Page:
Thursday, February 5, 2015

5/2/15: IMF and Ukraine: 'Scaling Back' Risk Is Real


Generally, I rarely comment directly on Ukrainian economy as was explained before on this blog. But the latest set of news is certainly falling into the category of 'big time news'.

As I noted before, IMF were in Kiev since mid-January and were going over the Ukrainian Government request for switching lending to Ukraine into a different facility (see http://trueeconomics.blogspot.ie/2015/01/2112015-ukraine-requests-extended-fund.html). In January, IMF head, Christine Lagarde gave an interview to Le Monde, saying that no partner of the IMF can participate in a funding programme when some 20% of the Ukrainian economy remains impacted by the conflict in the East.

So far, under stand by arrangements, IMF committed USD17 billion in funding for Ukraine, of which Kiev already received disbursements of USD3.2 billion in May 2014 and USD1.4 billion in September. Under stand-by arrangements, funding is provided for up to two years, so in 2015, Ukraine must redeem USD1.42 billion in IMF funding and some USD9.6 billion more in maturing government debt. Of this, more than USD4 billion is due in Q1 2015. Meanwhile, currency and gold reserves of Ukraine are down to USD7.5 billion - below debt maturity levels for 2015.

Now, IMF is reportedly (see here: http://www.bloomberg.com/news/articles/2015-02-05/ukraine-allows-hryvnia-free-float-raises-key-rate-to-19-5-) "is seeking to limit its share of the aid burden in discussions on an expanded bailout for Ukraine, according to two people with knowledge of the institution’s stance, as a military conflict pushes the sovereign closer to default."

Note: IMF limiting new funding share to 2/3rds will mean that of USD15 billion that Ukraine wants to get over the next 2 years, USD5 billion will have to come from 'other' sources. If IMF were to restrict its total share to 2/3rds of all bailout money, then in the new funding, the non-IMF share will be USD4 billion. One might think that the funds can be provided by the EU - keen on partnership with Kiev. But EU talks a lot, yet delivers little. In 2014, EU Commission President, Barroso stated that the EU is willing to commit EUR11 billion to fund Ukraine over 2 years. So far, EU delivered only EUR1.4 billion in 2014 and committed to provide EUR1.8 billion in 2015. EBRD and EIB promised Ukraine EUR6.5-8 billion in funding, but delivered only EUR2.2 billion so far. Germany promised and delivered EUR1.6 billion to Ukraine in 2014 and in January this year committed to provide further EUR500 million.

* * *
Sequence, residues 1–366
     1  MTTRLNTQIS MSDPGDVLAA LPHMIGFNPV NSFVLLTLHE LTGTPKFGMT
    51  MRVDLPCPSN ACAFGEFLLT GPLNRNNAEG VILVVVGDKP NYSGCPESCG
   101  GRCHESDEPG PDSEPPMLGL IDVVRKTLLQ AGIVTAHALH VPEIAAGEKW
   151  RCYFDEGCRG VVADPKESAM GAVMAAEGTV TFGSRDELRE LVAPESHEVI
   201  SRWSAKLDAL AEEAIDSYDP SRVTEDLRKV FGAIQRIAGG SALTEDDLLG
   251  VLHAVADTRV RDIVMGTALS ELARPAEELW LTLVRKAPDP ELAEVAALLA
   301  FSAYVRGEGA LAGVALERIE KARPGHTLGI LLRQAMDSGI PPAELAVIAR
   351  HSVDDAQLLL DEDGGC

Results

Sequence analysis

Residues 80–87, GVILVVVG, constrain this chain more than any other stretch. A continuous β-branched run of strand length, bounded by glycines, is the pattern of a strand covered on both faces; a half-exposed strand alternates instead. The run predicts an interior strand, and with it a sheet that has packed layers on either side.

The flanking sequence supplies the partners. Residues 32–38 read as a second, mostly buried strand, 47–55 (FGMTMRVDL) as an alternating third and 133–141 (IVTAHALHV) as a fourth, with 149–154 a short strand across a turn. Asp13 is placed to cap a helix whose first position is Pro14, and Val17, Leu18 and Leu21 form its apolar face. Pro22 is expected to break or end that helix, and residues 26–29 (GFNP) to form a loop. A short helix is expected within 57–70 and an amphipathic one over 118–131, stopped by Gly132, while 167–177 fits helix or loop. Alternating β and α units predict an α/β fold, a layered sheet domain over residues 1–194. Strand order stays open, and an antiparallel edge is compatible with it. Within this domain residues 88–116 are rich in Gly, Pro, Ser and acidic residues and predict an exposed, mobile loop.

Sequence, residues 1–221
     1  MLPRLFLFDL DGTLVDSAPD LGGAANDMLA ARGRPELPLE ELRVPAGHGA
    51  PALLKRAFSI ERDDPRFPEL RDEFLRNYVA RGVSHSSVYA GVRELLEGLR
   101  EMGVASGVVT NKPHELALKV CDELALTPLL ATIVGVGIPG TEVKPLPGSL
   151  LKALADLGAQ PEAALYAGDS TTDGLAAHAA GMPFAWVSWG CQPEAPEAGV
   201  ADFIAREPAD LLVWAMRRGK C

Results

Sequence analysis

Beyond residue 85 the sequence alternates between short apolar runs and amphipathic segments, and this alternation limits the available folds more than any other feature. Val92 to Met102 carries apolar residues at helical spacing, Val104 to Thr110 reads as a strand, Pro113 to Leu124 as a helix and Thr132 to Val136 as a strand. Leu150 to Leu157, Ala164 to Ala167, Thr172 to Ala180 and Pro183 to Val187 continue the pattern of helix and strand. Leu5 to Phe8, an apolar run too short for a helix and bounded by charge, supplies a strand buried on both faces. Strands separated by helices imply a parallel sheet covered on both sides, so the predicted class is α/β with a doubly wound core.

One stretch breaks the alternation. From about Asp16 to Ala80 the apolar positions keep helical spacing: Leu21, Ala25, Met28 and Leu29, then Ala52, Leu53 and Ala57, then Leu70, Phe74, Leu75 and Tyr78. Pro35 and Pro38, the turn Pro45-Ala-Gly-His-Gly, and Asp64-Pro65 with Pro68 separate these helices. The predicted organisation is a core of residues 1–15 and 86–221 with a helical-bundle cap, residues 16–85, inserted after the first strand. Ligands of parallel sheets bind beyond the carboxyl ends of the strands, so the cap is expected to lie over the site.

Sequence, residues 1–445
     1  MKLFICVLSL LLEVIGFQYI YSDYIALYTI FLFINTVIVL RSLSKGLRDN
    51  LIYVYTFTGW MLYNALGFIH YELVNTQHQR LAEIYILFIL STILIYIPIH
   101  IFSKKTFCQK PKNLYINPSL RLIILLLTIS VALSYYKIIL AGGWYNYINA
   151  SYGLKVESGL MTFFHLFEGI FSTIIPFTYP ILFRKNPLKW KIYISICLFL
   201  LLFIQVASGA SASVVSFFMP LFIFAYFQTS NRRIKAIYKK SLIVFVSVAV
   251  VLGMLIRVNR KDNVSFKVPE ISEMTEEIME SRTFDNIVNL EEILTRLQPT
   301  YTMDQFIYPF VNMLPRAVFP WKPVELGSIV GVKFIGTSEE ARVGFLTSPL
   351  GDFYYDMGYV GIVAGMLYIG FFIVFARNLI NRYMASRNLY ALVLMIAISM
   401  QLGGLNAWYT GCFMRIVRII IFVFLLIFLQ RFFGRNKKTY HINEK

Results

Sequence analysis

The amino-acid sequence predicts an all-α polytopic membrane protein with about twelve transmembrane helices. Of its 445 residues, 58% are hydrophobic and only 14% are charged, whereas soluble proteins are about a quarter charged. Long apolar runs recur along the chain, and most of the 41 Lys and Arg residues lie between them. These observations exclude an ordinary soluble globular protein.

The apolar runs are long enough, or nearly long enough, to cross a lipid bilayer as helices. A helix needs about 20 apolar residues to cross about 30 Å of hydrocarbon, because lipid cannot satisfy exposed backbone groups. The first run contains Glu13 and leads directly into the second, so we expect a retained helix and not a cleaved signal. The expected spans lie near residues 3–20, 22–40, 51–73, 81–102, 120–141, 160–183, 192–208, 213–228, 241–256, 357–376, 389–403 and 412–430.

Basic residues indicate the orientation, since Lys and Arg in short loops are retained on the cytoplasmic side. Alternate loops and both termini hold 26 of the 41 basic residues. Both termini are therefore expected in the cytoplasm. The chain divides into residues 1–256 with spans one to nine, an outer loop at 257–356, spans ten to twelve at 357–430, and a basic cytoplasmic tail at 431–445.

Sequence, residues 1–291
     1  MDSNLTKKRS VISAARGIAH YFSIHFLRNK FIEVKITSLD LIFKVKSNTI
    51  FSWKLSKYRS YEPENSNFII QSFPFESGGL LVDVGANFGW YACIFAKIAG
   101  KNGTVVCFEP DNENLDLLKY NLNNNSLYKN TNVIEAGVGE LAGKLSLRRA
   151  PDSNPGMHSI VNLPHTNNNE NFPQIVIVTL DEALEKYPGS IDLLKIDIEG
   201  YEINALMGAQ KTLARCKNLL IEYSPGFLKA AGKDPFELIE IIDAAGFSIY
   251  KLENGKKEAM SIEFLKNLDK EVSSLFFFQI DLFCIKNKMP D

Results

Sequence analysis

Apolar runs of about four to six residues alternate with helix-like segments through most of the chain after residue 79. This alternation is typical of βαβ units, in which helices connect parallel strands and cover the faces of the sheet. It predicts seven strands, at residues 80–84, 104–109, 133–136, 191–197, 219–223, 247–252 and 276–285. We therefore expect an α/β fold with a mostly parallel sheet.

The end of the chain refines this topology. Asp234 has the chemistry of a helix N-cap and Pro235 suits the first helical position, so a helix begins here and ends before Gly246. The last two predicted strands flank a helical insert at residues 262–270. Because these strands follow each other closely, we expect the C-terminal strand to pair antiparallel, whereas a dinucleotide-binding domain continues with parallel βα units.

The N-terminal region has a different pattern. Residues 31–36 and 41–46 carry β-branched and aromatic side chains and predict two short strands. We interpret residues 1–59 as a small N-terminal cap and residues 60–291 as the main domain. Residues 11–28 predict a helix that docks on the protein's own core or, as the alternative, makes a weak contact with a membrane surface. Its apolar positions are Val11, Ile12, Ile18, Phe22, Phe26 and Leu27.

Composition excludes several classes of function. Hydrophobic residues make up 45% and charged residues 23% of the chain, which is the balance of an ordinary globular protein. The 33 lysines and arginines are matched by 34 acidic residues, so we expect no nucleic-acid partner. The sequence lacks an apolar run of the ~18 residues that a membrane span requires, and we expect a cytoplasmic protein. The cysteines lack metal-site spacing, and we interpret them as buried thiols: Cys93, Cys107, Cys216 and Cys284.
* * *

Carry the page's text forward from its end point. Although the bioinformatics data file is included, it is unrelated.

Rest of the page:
The point is that absent IMF funding an entirely new programme, it is impossible to see how Ukraine can continue servicing and redeeming existent debts and cover current deficit that is expected to hit double digits in 2015. On the other hand, IMF is aware of this reality as well as of the lack of will in Europe and the US to fund Ukraine. Worse, stung by the 'partnership' with EU in funding euro area crisis-hit countries, the IMF is itching to cut back its engagements with difficult partners. Meanwhile, Ukraine has - completely understandable - difficulties pushing through IMF-mandated reforms. And to add to the complexity of the situation, the EU and US are nursing major differences in their respective objectives when it comes to what the two players want to see emerging from the current crisis.

In my view, Ukraine is now being played in the game of geopolitical chess by all sides, with the IMF struggling to remain independent (even pro-forma). The tragedy of all of this is that Ukraine is being prevented, by a combination of poor funders cooperation and ongoing conflict in the East, from actually engaging in reforming its economy, politics and society. My sympathies on this mess are with Ukraine and President Poroshenko - they got the short ends of all sticks.

Note: In my opinion, Ukraine needs a much more structured package of supports, including larger loans, on more benign terms, and grants, and over a longer horizon. In effect, it needs a Marshall Plan.
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